Ayds Considers Changing Its Name to Aydslim
Ayds, the diet candy desperately in search of a new name, may have found a new one--Aydslim.
That is the name being test-marketed for the appetite suppressant bedeviled by a name that sounds like the deadly AIDS virus.
“We hope this takes the curse off of it,” said Robert Berglass, chairman of Dep Corp., the Rancho Dominguez-based manufacturer that also makes such familiar consumer products as Lavoris mouthwash and Topol toothpaste. While most of Dep’s other products have seen sales rise over the past few years, sales of Ayds have plummeted as much as 50%, he said.
Since January, Ayds has been sold in new packaging under the names Aydslim in the United Kingdom. If sales improve sufficiently there, the product could be sold under the new name in the United States later this year, said Berglass. Several new flavors--such as apple and black currant--are also being tested in Britain. In the meantime, Ayds packages sold in the United States will soon have the word “diet” stamped in front of the name brand Ayds.
Doubts Are Voiced
“Every time I get a phone call from someone.” Berglass said, “they end the conversation with the same question: By the way, did you solve the Ayds name problem yet?”
Berglass hopes this will solve it. But several marketing experts have their doubts.
“I think it’s a dumb move,” said Charles E. Brymer, president of the New York-based product-naming company, Interbrand USA. “They should just walk away from the name Ayds, and relaunch it under a new name. The whole AIDS issue has become so large that I would not want to market anything under that name.” Indeed, more than 40,000 people in the U.S. are believed to have AIDS, or acquired immune deficiency syndrome, and federal health officials project that the total will exceed 270,000 by 1991.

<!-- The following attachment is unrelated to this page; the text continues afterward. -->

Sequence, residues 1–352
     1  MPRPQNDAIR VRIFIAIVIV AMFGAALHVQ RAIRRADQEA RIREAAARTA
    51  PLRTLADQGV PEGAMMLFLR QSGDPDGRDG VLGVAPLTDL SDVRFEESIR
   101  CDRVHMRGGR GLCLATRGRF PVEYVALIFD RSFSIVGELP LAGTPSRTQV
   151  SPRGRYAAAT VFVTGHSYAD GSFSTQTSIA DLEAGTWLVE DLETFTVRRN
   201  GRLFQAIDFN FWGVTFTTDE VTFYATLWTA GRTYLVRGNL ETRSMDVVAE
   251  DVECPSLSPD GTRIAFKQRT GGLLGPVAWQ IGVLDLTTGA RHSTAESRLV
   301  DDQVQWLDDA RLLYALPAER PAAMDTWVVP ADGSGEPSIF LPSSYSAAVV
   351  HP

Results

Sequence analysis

“It doesn’t seem like they’ve moved the name a very far distance,” agreed Donald Sexton, marketing professor at Columbia University. “But I realize it is a very delicate matter.”
Others, however, say the conservative name change may be for the best. “If you change the name, you give up the equity,” said Ira Bachrach, president of San Francisco-based NameLab Inc. “Besides, the problem with the name is more in the mind of the media than the consumer.”
Berglass says an entirely new name would not only cost too much money, but also kill nearly half a century of advertising and marketing that has been invested in the Ayds name. “If we change the name completely, then we have nothing,” said Berglass. “Maybe Procter & Gamble could afford to walk away from a product after 47 years, but we can’t.”
Only a Fraction
Also, Dep has spent the past year trying to sell its Ayds division so that the company can concentrate on its much larger--and more successful--lines of health and beauty products. Berglass said he doesn’t want to spend millions of dollars on a product that the company may soon unload.
And even though Ayds seems to be garnering a lot of media attention, it accounts for only a fraction of Dep’s annual sales of $66.8 million.
Despite the drop in sales of Ayds, it is a profit maker for the company, Berglass said. But Ayds’ current annual sales of about $7 million are roughly half what they were during the product’s heyday in the early 1980s, Berglass said.
While a box of Ayds costs about $5, Dep has spent $250,000 trying to find a new name for it. “This is a small problem with a gigantic profile,” said Berglass. “We’d like to stop discussing it.”
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